Talk to the Kids
What do you do if your friend has kids? If you're close to the kids, don't be afraid to talk to them during the divorce. Just how close you are to the child can help you decide what to say. If the child feels comfortable with you, he may open up and talk about his feelings. Encourage that sharing. Experts recommend that kids be allowed to be honest about their feelings. Sometimes kids need a little help putting those feelings into words.
Kids may also just want to talk about their favorite toys or what they did at recess. Be there as a neutral adult who listens to the child no matter what he wants to talk about. If you're not sure what to say, talk to your friend first. Just don't put yourself in the middle of the family drama. Remain neutral without talking badly about either parent.
How to Get Over a Broken Friendship
How to Cope With Your Boyfriend's ...
What to Say to Someone Who Has Cancer
How to Help Someone Going Through a ...
How to Find Out If a Girl Has a ...
How to Turn an Emotional Affair Back ...
Helping a Brother Get Through Divorce
How to Rebuild a Relationship With a ...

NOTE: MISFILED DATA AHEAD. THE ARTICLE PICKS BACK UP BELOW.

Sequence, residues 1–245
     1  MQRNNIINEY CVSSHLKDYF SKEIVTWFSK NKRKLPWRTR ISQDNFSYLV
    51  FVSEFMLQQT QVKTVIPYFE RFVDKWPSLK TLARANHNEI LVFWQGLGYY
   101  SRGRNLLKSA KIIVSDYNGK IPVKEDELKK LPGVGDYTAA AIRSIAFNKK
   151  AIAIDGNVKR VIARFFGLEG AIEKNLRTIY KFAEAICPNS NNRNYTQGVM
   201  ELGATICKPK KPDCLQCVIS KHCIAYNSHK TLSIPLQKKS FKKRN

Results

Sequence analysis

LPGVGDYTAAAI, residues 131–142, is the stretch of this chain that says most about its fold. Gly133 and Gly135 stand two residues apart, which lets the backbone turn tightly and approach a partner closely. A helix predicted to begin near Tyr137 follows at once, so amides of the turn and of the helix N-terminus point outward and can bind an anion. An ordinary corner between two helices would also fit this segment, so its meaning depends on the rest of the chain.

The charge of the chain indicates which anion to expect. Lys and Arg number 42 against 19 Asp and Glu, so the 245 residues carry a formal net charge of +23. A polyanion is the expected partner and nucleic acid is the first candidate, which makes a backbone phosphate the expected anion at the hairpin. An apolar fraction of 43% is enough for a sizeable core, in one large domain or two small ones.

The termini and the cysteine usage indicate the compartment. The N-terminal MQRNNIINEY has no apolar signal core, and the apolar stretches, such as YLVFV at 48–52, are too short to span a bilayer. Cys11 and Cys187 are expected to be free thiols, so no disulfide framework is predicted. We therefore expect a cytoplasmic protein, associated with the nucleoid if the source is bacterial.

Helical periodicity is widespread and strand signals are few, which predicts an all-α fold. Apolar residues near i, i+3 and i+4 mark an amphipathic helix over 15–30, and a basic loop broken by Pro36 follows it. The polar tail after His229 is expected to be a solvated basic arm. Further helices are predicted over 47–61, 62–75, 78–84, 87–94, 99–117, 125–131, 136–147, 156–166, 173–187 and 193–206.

How to Win a Girl Back From Another Guy
How to Make a Guy Stop Flirting With ...
How to Support and Comfort Your ...
How to Deal With Someone Who Criticizes
Things to Write in a Letter to Your ...
How to Deal With a Teenage Daughter's ...
How to Talk to Your Girlfriend After a ...
How Do Friends Make Up After Being ...
How to Cheer Up Your Girlfriend at Work
How to Make it Up to a Friend After ...
How Do I Tell My Best Friend That the ...
How to Get Over My Daughter's Divorce
Shelley Frost writes professionally on a full-time basis, specializing in lifestyle, family, parenting and relationship topics. She holds an education degree and has extensive experience working with kids and parents.